Can this (OT) issue be solved without per-package release keyrings? I don’t think that we can detect or prevent “package shadowing” (pip install pdbpp shadows stdlib pdb, for example), or “package overriding” by configuring a different index-url (or MITM), or overriding by version number in an additional index without (1) signed per-package release keyrings; and (2) signed per-package-manifest-file hashes.

With respect to the current discussions, I’d like to ask (and probably should have stated at the original post) this.

Given we know that many orgs out there do not follow the best practices as laid out in this thread even if we announce it clearly and repeatedly:

What are some practical ways we can enhance their security?

I know that we are mostly volunteers, so we’re probably interested in things that have the highest impact for the least effort.

Things that I have seen pop up in this thread:

  1. Undocumented non deterministic behaviour, e.g. the installation order determined by the resolution time of their respective locations

  2. Announce within pip CLI when someone is trying to do something insecure with clear sign posting to documentation

  3. Make the pip freeze and installation from the freeze file more ergonomic, e.g. as simple as making a new command that dumps the versions straight to a file called “safeversions.txt” or something equally obvious.

I don’t think that we can detect or prevent “package shadowing” (pip install pdbpp shadows stdlib pdb, for example), or “package overriding” by configuring a different index-url (or MITM), or overriding by version number in an additional index without (1) signed per-package release keyrings; and (2) signed per-package-manifest-file hashes.

Why is that? Is it because setup.py can do arbitrary things to the python install that we can’t easily detect before hand?

Those organisations can invest in the Python Packaging ecosystem, so that the projects in the ecosystem have the required resources to do something about the issues at play. :grimacing:

That is NOT pip’s behaviour, but a description of how a different package manager does things.

Sure. We’d need to identify what cases this occurs in, perform code review on these and figure out how to write clear documentation for the same. That, IMO, is a lot of work; especially because there’s a lot of improvement to be made in general in Python Packaging documentation as a whole.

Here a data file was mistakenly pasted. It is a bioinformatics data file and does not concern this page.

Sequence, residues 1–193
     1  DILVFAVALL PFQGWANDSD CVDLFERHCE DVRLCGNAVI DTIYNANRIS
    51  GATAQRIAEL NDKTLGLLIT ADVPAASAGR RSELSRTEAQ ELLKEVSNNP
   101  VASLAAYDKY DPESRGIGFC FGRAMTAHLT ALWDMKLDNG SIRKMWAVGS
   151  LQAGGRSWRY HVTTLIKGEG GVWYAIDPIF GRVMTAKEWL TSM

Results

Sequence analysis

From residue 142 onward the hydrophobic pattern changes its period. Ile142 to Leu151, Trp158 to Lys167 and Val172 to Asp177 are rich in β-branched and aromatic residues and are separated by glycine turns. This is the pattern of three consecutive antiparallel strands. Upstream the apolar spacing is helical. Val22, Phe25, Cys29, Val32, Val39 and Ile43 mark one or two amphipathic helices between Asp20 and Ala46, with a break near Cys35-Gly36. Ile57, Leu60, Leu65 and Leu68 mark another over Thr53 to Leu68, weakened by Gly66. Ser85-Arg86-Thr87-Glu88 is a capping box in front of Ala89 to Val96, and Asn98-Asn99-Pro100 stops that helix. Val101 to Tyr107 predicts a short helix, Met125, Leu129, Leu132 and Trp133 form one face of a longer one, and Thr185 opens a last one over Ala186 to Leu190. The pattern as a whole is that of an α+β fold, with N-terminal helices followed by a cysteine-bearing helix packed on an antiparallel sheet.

It feels like you are describing the pip-tools workflow, which… exists already and has some great tooling built for it too.

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That’s fine. A misunderstanding on my part.

… pip-tools

Sure.

If people think there’s no more low hanging fruit that’s fine.

Because any package can just overwrite any file: there’s no detection of path collisions.

Because any key can sign for any package from any package index. You are not able to discard packages without valid signatures unless you require all packages to be signed. You cannot differentiate between (PyPI, pip,22) and (local,pip,22+payload) without having distributed release signing keys that local doesn’t have.

(Note: Someone decided to moderate my previous post here. I’m not going to spend more time on this. I’ve already listed some solutions to the problem; which is hopefully better defined for you all now.)

And of course, every distro is different in how much of this validation is done. The more reviews and validation, the more people will complain that system packages are out of date and that authors of the software aren’t in control any more.

I’m not very optimistic about a hypothetical curated.pypi.org: regardless of where on this spectrum it would choose, it would wrong for someone.

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With dependency links, this kind of attack could have been avoided, right?

Yes, and the same is possible if you pin to specific URLs as well, with PEP 508 url dependencies.

pkg @ https://example.com/whatever.tar.gz

I’d like to clarify a few points about TUF’s protection against this attack. PEP 480’s version of TUF maps specific developer keys to a package, so solves this for those packages. However (as pointed out by @tiran), if it’s an ‘unclaimed’ package in PEP 480 (one without a specified developer key), or if the repository is using PEP 458, the client would have to do some configuration to specify that only the version on their system should be used.

This can be done using terminating mappings, like those used in the TUF client. These terminating mappings allow the client to specify, for example, that package A should be found on their local repository, and only their repository, but all other packages should be found on PyPI. Using this logic, they will not look for these local packages on PyPI, and so will not be vulnerable to this attack.

TUF’s Terminating mappings could be added to pip as part of the TUF integration to verify PEP 458 metadata.